- Publisher: Farm Chemicals International, Meister Media
- Published: October 2011
India will become the most populous nation in the world by 2030, with almost 18% of the world’s population, according to 2011 census data.
A rising middle class and burgeoning domestic demand for high-quality food have propelled India’s agrochemical industry growth to a rate of 20% per year. A rise in crop yields and labor wages has provided more disposable income for the growing Indian population, which surpassed 1.2 billion people in 2011.
In turn, a surge in crop input sales has occurred as farm incomes have risen. India’s agrochemical market value stands at $3.7 billion, with more than half attributed to domestic sales, according to the Pesticide Manufacturers and Formulators Association of India (PMFAI). If this trend continues, many Indian companies are forecasting double-digit growth in the next five years.
Consumption on the Rise
India’s population increased 181 million from 2001 to 2011, according to the 2011 Indian census.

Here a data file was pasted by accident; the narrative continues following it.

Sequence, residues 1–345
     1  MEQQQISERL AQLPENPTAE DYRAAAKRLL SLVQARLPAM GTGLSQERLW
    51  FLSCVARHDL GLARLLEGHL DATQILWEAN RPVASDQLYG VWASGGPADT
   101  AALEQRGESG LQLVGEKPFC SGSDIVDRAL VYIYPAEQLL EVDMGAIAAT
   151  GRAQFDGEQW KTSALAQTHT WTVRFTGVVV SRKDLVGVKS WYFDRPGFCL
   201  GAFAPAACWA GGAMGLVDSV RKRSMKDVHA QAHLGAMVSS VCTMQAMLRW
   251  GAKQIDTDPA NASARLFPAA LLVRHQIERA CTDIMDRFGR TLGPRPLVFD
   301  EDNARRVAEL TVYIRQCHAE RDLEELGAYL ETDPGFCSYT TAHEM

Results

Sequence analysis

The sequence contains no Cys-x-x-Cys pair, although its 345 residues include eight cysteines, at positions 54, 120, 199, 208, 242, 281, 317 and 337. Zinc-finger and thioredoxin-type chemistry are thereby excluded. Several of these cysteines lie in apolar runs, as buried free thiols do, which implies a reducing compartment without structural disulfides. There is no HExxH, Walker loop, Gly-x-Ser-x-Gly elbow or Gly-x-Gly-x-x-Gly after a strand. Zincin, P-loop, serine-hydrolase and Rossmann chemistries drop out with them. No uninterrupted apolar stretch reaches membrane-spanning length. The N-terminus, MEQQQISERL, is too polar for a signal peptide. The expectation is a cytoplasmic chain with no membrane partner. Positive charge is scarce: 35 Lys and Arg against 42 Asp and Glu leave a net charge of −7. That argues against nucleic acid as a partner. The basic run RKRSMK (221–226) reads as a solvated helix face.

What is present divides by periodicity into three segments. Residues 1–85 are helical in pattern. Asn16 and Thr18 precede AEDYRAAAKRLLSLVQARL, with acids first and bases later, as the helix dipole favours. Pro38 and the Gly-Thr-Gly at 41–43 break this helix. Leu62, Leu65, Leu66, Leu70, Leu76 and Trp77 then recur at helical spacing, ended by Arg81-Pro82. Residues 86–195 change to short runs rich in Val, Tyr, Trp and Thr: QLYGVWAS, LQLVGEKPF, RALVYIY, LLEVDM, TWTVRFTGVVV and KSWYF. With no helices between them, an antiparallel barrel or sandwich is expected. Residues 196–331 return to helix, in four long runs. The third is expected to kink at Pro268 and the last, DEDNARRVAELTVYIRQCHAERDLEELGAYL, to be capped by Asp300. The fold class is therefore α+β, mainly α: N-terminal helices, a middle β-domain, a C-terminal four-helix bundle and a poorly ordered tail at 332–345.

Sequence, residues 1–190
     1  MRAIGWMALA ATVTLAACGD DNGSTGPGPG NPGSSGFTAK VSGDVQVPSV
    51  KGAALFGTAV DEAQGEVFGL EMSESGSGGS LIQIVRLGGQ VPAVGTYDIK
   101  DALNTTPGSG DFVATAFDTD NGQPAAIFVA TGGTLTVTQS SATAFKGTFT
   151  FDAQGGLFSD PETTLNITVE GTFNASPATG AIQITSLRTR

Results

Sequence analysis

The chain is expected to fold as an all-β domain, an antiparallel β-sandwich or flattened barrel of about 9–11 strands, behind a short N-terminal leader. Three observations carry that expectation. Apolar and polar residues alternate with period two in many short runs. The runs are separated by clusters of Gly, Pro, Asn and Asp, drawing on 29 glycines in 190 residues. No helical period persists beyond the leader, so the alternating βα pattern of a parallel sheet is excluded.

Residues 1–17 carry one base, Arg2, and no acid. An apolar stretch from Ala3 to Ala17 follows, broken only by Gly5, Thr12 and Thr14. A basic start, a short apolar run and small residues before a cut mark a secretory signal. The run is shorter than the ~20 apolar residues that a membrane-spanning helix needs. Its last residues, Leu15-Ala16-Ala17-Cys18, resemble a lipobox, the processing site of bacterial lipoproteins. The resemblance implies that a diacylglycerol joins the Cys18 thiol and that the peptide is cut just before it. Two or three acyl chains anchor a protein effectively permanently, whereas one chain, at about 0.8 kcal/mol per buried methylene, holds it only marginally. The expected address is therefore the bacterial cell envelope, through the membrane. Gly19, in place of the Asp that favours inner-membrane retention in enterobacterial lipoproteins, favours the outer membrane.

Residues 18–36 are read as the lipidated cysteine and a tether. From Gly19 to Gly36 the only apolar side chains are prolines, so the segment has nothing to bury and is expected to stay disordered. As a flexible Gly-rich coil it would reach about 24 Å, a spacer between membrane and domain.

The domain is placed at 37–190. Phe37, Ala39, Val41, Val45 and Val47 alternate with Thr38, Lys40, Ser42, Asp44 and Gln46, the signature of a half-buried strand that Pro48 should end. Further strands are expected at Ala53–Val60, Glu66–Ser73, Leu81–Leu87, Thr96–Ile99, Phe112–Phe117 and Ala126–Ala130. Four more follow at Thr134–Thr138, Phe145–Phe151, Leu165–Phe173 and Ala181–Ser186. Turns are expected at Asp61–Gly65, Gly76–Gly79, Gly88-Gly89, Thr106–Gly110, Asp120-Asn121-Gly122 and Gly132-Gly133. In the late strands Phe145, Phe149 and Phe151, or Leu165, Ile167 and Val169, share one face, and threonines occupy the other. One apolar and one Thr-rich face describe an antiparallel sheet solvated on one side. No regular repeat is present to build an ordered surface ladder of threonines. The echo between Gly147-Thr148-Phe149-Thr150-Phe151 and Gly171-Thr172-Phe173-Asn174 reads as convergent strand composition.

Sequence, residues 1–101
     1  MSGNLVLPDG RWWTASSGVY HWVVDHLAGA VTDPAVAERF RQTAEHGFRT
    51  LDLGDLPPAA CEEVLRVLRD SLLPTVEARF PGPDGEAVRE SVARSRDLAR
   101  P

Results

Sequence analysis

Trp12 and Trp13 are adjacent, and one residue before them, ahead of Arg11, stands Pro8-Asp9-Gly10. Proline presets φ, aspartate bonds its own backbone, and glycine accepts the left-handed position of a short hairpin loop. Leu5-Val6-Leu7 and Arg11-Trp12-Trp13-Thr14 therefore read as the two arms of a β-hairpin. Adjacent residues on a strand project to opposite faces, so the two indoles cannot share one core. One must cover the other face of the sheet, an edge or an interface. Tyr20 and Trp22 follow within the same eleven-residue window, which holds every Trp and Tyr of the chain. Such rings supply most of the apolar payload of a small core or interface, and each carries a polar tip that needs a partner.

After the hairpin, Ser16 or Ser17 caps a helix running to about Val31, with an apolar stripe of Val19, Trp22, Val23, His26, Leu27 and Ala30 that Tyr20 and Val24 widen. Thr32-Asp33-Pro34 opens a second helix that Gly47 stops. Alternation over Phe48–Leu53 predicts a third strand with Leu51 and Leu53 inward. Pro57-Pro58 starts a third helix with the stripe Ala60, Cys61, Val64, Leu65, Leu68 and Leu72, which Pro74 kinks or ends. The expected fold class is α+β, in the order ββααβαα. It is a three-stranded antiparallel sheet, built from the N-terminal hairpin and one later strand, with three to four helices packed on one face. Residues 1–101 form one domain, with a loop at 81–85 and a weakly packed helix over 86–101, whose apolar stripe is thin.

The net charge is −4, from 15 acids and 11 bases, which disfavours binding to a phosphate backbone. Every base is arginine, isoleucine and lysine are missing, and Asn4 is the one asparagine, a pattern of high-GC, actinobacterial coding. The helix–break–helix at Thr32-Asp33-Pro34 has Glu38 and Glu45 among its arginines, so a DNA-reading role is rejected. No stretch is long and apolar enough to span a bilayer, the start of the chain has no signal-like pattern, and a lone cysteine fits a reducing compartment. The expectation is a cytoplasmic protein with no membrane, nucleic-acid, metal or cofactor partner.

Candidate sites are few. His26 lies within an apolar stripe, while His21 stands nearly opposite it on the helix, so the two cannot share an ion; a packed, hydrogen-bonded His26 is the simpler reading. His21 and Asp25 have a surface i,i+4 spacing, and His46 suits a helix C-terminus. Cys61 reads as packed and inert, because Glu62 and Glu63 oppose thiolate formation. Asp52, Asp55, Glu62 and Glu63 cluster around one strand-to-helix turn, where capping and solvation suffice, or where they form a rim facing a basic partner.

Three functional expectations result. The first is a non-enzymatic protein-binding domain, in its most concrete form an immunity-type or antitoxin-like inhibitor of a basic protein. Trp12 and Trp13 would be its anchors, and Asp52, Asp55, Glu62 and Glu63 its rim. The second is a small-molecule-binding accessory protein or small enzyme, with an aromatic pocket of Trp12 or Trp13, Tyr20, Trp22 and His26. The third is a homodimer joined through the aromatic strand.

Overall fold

Farmers are continuing to use technological and crop protection advancements to keep up with a rising demand for food. As demand for agrochemicals increases, the domestic retail market business is expected to grow 10% annually in the next 4 to 5 years.
“As farmers continue to realize more from their produce, they are inclined to produce more from the same land holding they have, leading to more usage of crop chemical products including fertilizers,” says Rajesh Kumar, deputy general manager,Willowood Limited.
The increase in per-acre consumption of agrochemicals in the Indian market is less than 1 kg/acre compared to 6-10 kgs/acre in developed markets, according to Aseem Kumar, vice president of corporate planning, Nagarjuna Agrichem Ltd.
“In the Indian agrochemical market we are seeing ample opportunity to remain competitive to cater to domestic as well as international market,” Aseem Kumar says.
While the entire agrochemical market is experiencing growth, the fungicide sector has been rising at a rate of 40% per year. The herbicide sector has also grown about 20% to 25% per year.